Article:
Legendary Champions League stadium looks unrecognisable in throwback pics as it celebrates 50th anniversary

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FEW stadiums rival Signal Iduna Park for size and atmosphere.

So it’s fitting that Borussia Dortmund‘s spectacular venue has had so many special dates to recall on its 50th anniversary.

This is how the Westfalenstadion looked at its onset

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This is how the Westfalenstadion looked at its onsetCredit: YouTube
The venue looked far more humble half a century ago

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The venue looked far more humble half a century agoCredit: YouTube
these flashback pics show how the ground was built on a tight budget

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these flashback pics show how the ground was built on a tight budgetCredit: YouTube
Now the stadium is one of the greatest in Europe

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Now the stadium is one of the greatest in EuropeCredit: Getty

Now throwback pictures show how the stadium has grown from modest to magnificent in that half-century of fame.

 Apart from emerging as a glorious setting for Champions League matches, the home of the German giants is littered with big dates.

Westfalenstadion – to give it the German name – hosted matches in the 1974 and 2006 World Cups, as well as Liverpool‘s famous 2001 Uefa Cup final triumph.

Yet perhaps the major reason for it being built at all now seems incredible.

Dortmund were the first German team to win a European club title – the 1966 Cup Winners’ Cup.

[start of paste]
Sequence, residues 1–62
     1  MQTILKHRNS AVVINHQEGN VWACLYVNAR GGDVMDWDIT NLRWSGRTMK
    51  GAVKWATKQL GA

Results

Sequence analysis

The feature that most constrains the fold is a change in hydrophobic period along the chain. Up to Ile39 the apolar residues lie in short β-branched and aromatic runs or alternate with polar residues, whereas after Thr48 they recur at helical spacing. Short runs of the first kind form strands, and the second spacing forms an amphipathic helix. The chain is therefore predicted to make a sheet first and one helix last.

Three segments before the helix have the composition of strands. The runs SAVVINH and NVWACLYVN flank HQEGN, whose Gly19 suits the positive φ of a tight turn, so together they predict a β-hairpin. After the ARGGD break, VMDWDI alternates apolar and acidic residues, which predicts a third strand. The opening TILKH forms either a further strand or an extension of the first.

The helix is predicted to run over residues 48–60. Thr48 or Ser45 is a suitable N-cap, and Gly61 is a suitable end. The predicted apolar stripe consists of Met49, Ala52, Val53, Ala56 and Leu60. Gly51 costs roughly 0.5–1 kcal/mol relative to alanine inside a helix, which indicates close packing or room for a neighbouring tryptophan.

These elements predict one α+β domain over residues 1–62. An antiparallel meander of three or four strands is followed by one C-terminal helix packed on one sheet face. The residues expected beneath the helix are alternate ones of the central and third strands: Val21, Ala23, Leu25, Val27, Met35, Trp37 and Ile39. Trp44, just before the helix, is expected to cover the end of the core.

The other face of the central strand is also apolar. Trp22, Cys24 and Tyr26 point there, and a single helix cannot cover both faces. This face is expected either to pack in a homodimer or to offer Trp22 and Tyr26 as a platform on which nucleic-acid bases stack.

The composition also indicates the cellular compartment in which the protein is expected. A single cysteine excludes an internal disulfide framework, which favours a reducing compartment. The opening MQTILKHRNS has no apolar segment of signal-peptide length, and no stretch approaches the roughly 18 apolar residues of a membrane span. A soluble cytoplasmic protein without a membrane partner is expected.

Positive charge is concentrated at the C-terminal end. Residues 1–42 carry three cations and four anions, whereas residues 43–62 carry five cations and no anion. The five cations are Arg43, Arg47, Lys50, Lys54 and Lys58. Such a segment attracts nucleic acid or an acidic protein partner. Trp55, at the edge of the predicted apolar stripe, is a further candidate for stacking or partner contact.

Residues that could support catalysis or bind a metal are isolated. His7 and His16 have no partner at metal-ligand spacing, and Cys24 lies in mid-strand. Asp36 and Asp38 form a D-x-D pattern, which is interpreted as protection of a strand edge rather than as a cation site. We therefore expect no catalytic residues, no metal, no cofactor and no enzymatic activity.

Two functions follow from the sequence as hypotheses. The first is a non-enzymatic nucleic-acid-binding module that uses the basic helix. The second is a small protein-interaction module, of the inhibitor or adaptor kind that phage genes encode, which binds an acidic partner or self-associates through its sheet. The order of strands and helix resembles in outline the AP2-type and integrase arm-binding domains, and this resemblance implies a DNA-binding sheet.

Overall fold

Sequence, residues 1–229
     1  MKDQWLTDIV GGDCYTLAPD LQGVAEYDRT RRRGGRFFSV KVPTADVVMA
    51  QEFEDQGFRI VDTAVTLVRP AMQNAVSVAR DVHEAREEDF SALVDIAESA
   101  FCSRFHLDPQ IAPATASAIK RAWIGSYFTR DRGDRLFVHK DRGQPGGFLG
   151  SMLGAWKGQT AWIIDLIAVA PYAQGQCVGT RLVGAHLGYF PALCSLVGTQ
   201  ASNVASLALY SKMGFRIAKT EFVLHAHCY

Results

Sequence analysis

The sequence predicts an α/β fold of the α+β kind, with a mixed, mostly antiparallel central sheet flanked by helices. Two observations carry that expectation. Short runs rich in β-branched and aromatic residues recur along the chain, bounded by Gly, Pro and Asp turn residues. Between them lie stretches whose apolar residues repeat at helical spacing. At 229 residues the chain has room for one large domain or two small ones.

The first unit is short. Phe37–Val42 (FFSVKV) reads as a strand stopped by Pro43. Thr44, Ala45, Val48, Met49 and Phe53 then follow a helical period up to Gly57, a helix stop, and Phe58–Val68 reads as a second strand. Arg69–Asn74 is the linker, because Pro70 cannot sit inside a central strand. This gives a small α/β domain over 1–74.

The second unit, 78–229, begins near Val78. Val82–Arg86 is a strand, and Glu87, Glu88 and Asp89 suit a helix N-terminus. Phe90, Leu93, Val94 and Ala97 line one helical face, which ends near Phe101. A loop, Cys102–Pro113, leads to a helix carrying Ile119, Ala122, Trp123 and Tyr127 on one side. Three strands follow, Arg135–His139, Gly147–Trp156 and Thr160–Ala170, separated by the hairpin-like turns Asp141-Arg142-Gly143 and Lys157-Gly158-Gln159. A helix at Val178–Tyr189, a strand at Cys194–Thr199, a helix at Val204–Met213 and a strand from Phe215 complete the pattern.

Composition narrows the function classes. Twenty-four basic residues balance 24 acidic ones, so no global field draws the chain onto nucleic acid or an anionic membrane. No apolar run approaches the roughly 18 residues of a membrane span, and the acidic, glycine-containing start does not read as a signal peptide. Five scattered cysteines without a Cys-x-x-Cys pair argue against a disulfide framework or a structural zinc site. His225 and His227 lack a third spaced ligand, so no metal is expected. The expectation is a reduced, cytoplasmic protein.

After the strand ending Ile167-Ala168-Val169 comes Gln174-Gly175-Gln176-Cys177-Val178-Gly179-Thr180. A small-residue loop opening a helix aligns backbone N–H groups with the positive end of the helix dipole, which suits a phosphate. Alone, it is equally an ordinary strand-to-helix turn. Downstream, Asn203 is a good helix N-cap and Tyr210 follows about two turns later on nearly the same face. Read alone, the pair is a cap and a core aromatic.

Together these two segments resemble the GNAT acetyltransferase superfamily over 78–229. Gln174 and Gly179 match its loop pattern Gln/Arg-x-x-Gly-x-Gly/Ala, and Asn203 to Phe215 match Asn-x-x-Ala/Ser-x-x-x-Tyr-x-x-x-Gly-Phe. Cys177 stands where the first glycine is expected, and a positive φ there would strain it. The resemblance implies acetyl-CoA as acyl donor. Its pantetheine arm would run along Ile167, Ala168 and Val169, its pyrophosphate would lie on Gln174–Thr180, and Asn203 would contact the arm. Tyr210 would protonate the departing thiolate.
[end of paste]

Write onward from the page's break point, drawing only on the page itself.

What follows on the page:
And the increasing number of fans attracted by such success meant the Stadion Rote Erde – Red Soil Stadium – became too small.

But Dortmund couldn’t afford a suitable new stadium, while federal authorities were unwilling to help out.

However, when the city of Cologne backed out of hosting 1974 World Cup games, cash set aside for project was switched to Dortmund – albeit still with a tight budget.

Jurgen Klopp famously managed at the Westfalenstadion from 2008-2015

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Jurgen Klopp famously managed at the Westfalenstadion from 2008-2015Credit: PA

The club officially moved in on April 2 1974.

And having been relegated two years earlier, they were the only German second tier side to hold World Cup ties, before returning to the Bundesliga in 1976.

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And with Liverpool boss Jurgen Klopp being Dortmund’s most feted ex-manager, it’s fitting that the Reds took part in arguably Westfalenstadion’s greatest ever club match.

Gerard Houllier’s team beat Alaves 5-4 via an extra-time GOLDEN GOAL in the Uefa Cup final 23 years ago.

The stadium has of course gradually been improved over the decades.

Already Germany’s largest football venue, its league capacity has soared to 81,365.

The Westfalenstadion is also the seventh-biggest ground in Europe.

And just two top-flight sides in the continent can boast a larger stadium – Barcelona and Real madrid.

Unsurprisingly, The Westfalenstadion also holds the record for average attendance over a season – 80,588 during 2011-12.



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Legendary Champions League stadium looks unrecognisable in throwback pics as it celebrates 50th anniversary

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